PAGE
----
A delayed train didn’t stop the Honourable Peter Milliken from meeting with a classroom full of students at the end of January to share insights on his role as the longest-serving Speaker of the House of Commons.
“At least I got a lot of reading done,” Milliken joked of the 45-minute delay that pushed back the event’s start time but did nothing to diminish the number of students and faculty members in attendance.
His sense of humour solidly in place and his demeanour down-to-earth, Milliken first addressed the audience for half an hour, providing a glimpse into how he fulfills the various duties of his job, from casting a vote in the event of a tie to chairing the Board of Internal Economy and meeting with visiting dignitaries.
In the event of a tie vote in the House, the Speaker is required to cast the tie-breaking vote and a smiling Milliken revealed that of the 10 such ties since Confederation, he has had to break five: “more than my fair share, I’d say.”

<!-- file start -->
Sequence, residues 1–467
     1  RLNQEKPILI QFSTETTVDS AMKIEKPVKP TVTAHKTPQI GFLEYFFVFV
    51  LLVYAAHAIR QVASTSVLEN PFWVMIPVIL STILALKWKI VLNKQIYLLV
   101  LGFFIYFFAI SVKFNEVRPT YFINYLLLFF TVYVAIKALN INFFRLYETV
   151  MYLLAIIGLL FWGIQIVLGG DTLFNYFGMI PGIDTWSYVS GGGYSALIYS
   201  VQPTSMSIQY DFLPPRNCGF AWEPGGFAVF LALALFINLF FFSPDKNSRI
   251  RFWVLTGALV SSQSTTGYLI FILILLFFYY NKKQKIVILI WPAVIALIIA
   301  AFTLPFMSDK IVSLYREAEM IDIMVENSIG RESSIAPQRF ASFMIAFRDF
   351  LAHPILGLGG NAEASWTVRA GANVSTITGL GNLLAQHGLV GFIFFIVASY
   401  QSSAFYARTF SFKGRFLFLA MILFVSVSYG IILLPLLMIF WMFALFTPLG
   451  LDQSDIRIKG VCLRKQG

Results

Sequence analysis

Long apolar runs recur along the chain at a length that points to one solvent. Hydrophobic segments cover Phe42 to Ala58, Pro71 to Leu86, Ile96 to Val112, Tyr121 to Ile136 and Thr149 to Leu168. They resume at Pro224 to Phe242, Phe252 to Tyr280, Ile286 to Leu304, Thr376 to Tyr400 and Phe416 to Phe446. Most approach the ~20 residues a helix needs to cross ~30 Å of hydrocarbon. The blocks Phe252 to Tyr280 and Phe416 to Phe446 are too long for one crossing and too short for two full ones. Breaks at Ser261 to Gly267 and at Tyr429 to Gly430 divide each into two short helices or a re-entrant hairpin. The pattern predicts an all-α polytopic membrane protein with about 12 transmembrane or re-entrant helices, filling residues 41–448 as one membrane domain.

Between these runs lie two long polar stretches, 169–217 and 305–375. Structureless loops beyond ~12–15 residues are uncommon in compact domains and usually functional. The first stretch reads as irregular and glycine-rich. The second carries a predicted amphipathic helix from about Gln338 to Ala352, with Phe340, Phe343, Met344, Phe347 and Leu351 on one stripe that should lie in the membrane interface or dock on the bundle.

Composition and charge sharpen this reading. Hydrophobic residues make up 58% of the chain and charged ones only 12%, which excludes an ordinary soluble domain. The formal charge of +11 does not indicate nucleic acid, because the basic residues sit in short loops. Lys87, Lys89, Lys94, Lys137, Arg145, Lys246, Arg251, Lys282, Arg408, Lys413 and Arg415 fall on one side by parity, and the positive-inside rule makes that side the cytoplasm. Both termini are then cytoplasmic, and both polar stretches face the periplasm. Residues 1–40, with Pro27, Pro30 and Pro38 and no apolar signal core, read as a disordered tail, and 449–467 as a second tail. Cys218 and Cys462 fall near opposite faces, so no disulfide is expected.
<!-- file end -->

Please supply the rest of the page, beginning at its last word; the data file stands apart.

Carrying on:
Milliken also drew a vivid picture of the busy social calendar that comprises part of the Speaker’s duties, attending receptions for foreign diplomats and visiting delegations: “Three or four receptions per evening is not uncommon,” he noted, adding that the demanding schedule nevertheless permits the development of a robust and global diplomatic network.
Following his prepared speech, Milliken amiably answered questions for the remainder of the hour and a half and spent some time afterward speaking individually to students before catching the (punctual) afternoon train back to Ottawa.The Law Students Association and the 1L Class Presidents organized the event, with assistance from Professor Robert Leckey.